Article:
Where possible the drainage area should be chosen to minimize sediment runoff into the pond and the drainage area should be relatively small.

5.2.3 Construction

a. Shape

Although excavated ponds can be built to almost any shape desired, a rectangle is commonly used in relatively flat terrain. The rectangular shape is popular because it is simple to build and can be adapted to all kinds of excavating equipment.

The side slopes should be as flat as possible for easy access of the livestock unless the pond is planned to be fenced and equipped with external watering troughs. In that case a slope ranging from 2/1 to 3/1 may be acceptable. If one or two sides are of firmer material their slopes could be steeper.

b. Building the pond

The reservoir area should first be cleared of vegetation. The next step is to mark the outside limits of the proposed excavation with stakes indicating the depth of cut from the ground to the pond bottom.

In semi-arid areas where water is unlikely to accumulate in the excavation during the work period, any kind of available equipment can be used. Normal tractors equipped with a bulldozer blade or simple bulldozers are generally used. But if the waste material has to be transported far away from the excavation, additional equipment (power shovel and trucks) may be needed. For small reservoirs located in areas where manpower is not a constraint, hand operation can be envisaged at least for the digging work, while the transport of the waste material may be assigned to animals like mules or donkeys.

If the thickness of the impervious upper layer is insufficient when compared to the planned depth of the pond, the topsoil should be temporarily stockpiled for later use as sealing layer over the bottom of the pond. In that case, the clayey material should be properly compacted after it has been spread and moistened.

5.2.4 Stock watering and protection of the pond

Complete fencing of the reservoir is usually recommended to avoid damaging by trampling and water pollution by livestock. When the pond is fenced a watering system has to be installed outside the fenced area and may consist of several troughs set up around a well fed through a water supply pipe that runs below the bank of the pond. The water inlet inside the reservoir should be protected against clogging by a strainer made of a piece of screen. The pipe itself may be of small diameter, 2 inches for example, arid made of steel or plastic. Figure 5 shows a typical water piping and trough system for stock watering from a fenced pond (from Techniques Rurales en Afrique - BCEOM/IEMVT, 1973).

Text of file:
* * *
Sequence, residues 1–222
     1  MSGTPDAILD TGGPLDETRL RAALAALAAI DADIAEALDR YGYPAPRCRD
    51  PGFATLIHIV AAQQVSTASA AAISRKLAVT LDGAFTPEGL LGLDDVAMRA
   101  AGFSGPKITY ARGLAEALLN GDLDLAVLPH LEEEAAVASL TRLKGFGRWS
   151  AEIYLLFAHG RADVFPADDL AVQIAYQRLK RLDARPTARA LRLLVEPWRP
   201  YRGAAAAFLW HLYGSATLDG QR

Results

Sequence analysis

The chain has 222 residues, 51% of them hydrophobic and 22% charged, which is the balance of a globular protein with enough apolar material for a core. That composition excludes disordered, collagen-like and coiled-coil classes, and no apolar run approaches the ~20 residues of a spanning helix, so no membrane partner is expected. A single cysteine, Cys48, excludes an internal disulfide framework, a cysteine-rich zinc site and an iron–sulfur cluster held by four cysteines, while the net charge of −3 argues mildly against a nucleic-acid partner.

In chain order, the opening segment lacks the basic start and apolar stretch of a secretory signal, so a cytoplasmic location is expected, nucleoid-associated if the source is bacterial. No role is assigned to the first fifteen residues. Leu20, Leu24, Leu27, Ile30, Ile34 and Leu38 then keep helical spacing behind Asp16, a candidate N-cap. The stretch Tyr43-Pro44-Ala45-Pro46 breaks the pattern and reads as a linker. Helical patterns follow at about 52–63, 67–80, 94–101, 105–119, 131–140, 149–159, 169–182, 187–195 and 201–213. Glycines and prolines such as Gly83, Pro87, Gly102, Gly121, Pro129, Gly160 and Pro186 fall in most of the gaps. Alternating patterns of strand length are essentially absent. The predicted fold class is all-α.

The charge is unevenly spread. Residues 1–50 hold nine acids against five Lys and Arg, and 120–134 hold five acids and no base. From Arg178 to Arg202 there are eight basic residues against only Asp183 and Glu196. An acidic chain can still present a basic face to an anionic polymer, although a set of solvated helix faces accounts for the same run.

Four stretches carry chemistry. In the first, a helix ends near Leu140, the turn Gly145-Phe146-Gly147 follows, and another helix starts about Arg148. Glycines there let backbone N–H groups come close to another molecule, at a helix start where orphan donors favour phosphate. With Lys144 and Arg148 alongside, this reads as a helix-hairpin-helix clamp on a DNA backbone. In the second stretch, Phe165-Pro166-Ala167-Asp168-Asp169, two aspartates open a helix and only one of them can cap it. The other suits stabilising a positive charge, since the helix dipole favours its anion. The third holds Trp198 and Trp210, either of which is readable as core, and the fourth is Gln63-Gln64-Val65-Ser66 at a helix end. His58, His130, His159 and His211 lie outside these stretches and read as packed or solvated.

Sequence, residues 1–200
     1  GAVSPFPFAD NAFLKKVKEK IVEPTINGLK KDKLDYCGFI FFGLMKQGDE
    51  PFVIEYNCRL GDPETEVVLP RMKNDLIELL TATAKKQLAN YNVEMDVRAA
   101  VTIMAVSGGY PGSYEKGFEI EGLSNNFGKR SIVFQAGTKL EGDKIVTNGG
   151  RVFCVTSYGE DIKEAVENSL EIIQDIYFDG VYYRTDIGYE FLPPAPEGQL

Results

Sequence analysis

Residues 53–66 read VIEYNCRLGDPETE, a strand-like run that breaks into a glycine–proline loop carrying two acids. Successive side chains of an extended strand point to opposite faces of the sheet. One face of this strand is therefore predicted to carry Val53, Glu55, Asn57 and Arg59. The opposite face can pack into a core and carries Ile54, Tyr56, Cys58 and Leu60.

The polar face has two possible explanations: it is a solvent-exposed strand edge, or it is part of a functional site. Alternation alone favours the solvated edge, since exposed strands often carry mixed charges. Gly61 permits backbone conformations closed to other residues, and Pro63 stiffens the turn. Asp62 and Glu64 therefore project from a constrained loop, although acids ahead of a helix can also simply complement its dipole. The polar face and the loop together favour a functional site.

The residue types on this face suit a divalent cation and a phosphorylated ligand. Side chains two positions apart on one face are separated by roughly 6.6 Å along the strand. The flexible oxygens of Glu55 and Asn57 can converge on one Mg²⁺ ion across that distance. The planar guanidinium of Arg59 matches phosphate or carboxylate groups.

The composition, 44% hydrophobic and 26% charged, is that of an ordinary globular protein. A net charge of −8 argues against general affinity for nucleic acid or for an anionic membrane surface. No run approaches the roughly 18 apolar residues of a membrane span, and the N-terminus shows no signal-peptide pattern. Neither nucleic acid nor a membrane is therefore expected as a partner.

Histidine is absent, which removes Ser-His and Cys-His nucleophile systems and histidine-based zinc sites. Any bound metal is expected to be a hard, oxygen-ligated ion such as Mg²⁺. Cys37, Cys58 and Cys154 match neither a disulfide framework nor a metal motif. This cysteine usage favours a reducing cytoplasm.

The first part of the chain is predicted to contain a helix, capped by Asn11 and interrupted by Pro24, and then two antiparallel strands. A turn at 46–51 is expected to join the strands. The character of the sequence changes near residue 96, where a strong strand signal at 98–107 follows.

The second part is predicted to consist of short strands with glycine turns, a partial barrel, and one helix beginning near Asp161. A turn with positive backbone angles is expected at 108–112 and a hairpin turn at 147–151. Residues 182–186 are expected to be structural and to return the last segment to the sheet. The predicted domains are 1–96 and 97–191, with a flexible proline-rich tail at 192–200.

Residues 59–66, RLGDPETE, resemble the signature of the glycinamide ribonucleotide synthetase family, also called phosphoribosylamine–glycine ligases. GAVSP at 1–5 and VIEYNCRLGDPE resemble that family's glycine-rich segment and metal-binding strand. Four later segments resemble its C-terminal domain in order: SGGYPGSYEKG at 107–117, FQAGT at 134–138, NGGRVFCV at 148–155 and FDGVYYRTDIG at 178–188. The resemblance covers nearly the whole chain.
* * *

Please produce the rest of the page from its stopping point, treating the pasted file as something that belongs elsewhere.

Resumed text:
Although fencing ponds for stock watering is highly recommended in all handbooks dealing with extensive stockbreeding, it should be mentioned that the advantages usually derived from fencing ponds in developing countries are often more than offset by the increasing cost and maintenance requirement and by the fact that fewer animals can water at one time. Moreover, it is extremely difficult in hot climates to prevent livestock (and sometimes herders) from destroying fences which they consider as an unjustified obstacle to reach water when they are thirsty.

5.2.5 Maintenance

A pond, no matter how well planned and built, must be maintained in order to preserve its storage capacity as well as a proper functioning of the watering facilities, if any, throughout its expected life. When fenced, a pond needs a permanent maintenance in order to ensure the integrity of the fence during the whole period of presence of water in the reservoir, but this constraint is so costly that watching and maintenance are not sufficient and the fences disappear a few weeks after the pond has come into operation. This experience usually results in the planner giving up the fencing of ponds.

In the case of non-fenced ponds, the main objective of maintenance is to remove the wind or water transported material which accumulates and decreases the storage capacity of the pond. This operation is necessary every 4 to 5 years.

5.2.6 Case study and cost